...new pair of shorts, rest of the money goes into a retirement fund.
+1. The only exception: Put some money into maintenance. New cables, brake pads, chain, maybe a cassette, and tune it nicely. Make what you've got work great and enjoy it.
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Old 02-23-06, 04:50 PM
  #10  
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Old 02-23-06, 04:53 PM
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Originally Posted by Avalanche325
Put it away for your new bike fund.
Hear hear! Start up a savings account for the new bike and throw it in there.

Nothing stands out as needing replacement. The only thing I'd really consider is the stem, but probably more for aesthetics. Current one is perfectly functional.

If you really feel the need to buy something, maybe some tools?
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Old 02-23-06, 05:34 PM
  #12  
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I don't have enough information. Why do you ride and what do you want to get out of it? Perhaps a second bike with a completely different purpose (commuting, off-road, cyclocross, fixie for running errands) would be appropriate. Are you into posing? Racing? Being a fast guy in Prospect Park?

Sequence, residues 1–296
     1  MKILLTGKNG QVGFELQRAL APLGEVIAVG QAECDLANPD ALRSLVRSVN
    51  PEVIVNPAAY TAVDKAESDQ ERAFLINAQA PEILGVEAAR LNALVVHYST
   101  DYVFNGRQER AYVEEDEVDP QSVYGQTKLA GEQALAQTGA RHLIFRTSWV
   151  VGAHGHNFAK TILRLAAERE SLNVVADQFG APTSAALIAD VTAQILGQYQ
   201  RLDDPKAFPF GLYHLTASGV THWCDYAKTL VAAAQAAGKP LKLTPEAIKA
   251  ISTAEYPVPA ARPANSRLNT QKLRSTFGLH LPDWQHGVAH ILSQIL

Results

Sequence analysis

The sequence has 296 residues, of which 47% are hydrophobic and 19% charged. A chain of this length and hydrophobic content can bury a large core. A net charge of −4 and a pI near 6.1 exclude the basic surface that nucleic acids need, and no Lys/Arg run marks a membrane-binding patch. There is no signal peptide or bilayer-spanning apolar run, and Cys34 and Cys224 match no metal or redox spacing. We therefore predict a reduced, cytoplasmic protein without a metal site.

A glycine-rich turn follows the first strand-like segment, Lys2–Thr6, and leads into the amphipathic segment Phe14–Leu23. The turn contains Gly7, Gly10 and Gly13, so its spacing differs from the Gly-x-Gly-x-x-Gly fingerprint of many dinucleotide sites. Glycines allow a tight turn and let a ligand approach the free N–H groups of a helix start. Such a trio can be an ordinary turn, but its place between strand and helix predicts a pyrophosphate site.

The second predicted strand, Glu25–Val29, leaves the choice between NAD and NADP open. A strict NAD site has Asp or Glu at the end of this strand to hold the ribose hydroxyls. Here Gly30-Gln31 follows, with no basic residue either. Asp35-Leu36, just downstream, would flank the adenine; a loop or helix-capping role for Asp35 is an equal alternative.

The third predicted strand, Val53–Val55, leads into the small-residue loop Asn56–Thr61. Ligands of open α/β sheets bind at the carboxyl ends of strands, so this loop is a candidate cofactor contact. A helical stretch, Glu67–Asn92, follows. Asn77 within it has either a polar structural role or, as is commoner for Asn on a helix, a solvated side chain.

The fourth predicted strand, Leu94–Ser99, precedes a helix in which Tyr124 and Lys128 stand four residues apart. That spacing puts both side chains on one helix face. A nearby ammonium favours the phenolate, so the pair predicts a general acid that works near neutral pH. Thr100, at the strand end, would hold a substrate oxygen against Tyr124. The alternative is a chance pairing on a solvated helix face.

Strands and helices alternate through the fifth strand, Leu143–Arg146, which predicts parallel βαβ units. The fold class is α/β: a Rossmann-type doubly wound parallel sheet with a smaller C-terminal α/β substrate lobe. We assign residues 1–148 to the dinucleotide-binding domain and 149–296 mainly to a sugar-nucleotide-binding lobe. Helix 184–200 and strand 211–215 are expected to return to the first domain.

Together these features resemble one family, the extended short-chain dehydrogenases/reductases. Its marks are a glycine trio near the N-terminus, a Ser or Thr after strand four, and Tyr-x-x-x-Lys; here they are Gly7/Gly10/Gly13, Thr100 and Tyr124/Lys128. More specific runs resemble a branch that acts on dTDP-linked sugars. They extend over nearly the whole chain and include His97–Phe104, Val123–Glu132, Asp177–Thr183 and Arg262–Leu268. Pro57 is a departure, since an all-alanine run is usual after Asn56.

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Old 02-23-06, 05:53 PM
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Tektro brake pads are the only thing I would find value in replacing. I like being able to stop in the rain though.

Put the rest in the new (used) bike fund.
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Old 02-23-06, 09:12 PM
  #14  
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I would look at new wheels. You could reduce the weight of your bike by over a pound with these:
http://cgi.ebay.com/Xero-Lite-XR-1-R...QQcmdZViewItem
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Old 02-23-06, 10:29 PM
  #15  
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Originally Posted by mollusk
I don't have enough information. Why do you ride and what do you want to get out of it? Perhaps a second bike with a completely different purpose (commuting, off-road, cyclocross, fixie for running errands) would be appropriate. Are you into posing? Racing? Being a fast guy in Prospect Park?
Well, mollusk, I can tell you had a bad day at work. I'm sorry that you work a shi# job and that your boss expects you to drop to your kness everytime he walks in the room. But seriously... it's not my fault that your life sucks, so don't take it out on me. Okay?

I ride because I love it. I ride because I hate hills and I want to love them. I ride because I love being outside. I ride for the same reason you and everyone else here rides.

I ride because I want to ride.